American Idol: Playing It Too Safe
The biggest buzzword from last week's American Idol: frustration.

I mean, how many contestants got the "we're frustrated and disappointed at you" remark from the judges? Jermaine Sellers got that. Andrew Garcia got that. Haeley Vaughn got that. Lacey Brown got that.

And to think that it's been two weeks into the competition. Yes, people get jittery on the first week, but it seems most of the contestants--and I count those who were eliminated--we're playing it too safe. The lesson from last week's American Idol: it's better to be bad than to be forgettable. And it's absolutely better to be bad because you took a risk, rather than being bad just because you are.

No wonder I've been struggling with choosing standout performances over the past couple of weeks. Yes, I know I've picked favorites, but I am still waiting for that wow moment. And no, it doesn't have to be that one loud, shocking, surprising, satisfying second that changes the game--nothing like, say, Siobhan Magnus' final note last week. It doesn't have to be a song that's totally changed up.

In fact, I'm settling for a good vocal performance. Just a good vocal performance. I don't think it's a good thing.

Some may say that this year's Top 24--err, Top 20, err, Top 16--isn't as good as previous seasons, simply because they haven't churned out good performances. I say they've got the potential, and not in a "you need a year to train that" way like Haeley Vaughn did. Remember what we saw in the auditions?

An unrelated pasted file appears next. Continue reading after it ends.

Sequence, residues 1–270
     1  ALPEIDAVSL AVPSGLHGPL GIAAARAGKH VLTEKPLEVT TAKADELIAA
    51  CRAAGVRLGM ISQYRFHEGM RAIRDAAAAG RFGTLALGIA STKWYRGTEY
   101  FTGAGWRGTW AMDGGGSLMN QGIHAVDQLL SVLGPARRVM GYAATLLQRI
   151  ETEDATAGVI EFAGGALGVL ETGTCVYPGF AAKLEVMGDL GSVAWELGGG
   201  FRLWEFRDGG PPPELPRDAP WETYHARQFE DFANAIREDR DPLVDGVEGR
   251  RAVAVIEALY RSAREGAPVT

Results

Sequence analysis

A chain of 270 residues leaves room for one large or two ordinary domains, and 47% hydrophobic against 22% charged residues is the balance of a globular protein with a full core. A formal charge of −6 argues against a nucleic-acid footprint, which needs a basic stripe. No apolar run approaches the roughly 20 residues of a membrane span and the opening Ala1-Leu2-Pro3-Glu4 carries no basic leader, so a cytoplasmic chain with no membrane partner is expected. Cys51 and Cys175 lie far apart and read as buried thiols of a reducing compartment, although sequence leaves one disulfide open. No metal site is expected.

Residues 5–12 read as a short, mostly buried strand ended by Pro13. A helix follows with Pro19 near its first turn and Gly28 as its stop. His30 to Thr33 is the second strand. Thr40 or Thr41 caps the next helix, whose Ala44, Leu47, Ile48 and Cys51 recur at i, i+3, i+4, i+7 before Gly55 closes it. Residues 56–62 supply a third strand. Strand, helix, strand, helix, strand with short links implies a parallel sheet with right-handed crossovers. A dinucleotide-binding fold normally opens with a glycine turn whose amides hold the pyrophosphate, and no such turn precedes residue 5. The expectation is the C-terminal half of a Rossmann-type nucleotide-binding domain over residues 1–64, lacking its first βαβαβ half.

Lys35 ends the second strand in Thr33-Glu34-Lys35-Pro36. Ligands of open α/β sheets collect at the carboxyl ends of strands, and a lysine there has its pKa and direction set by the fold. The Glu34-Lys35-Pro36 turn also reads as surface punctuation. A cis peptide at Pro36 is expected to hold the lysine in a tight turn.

Lacey Brown, for example. I'll refer (again) to her performance during the first set of auditions. "Somewhere Over The Rainbow" spun in a totally quirky different way. That's who she is, and that's what I'll remember her for. So I'm looking for that in her performances, and instead, she made a couple of pretty big misses--a bad song choice the first week, a slight misdirection the second week--and, alongside it, a couple of huge saves.

Maybe she isn't really up to it, but I sense her troubles stem from the fact that she just isn't confident with what she's able to do. I mean, you've got a week to think things over. Why play it safe? I'm not asking for a big risk every week, but I want to see the thing that made me like you in the first place. You're hiding that.

It's something the other contestants are guilty of doing, too. Say, Todrick Hall's reliance on butchering songs rather than singing (and dancing) his way. Didi Benami, who isn't sticking with the singer-songwriter plan she has. Heck, even Katie Stevens, who's pure vocals are getting lost with her search for another identity.

Okay. Maybe the other thing bogging this batch of contestants down is the fact that they just aren't up to it. Is there a potential in Tim Urban? He isn't even a fit for Glee. John Park had a good voice but his one-track nature proved to be a problem. And maybe some contestants just peaked too early, like Andrew Garcia. Or maybe they're just having a hard time finding their niche on the show, like Paige Miles.

So sure, some of this year's contestants were stinkers, like every other batch, but not all of them. You can only say that when we're five weeks into the competition and everybody is still playing it safe. By then, I probably would've dozed off in frustration, after about three performances... and that's much worse.

(Image courtesy of Fox)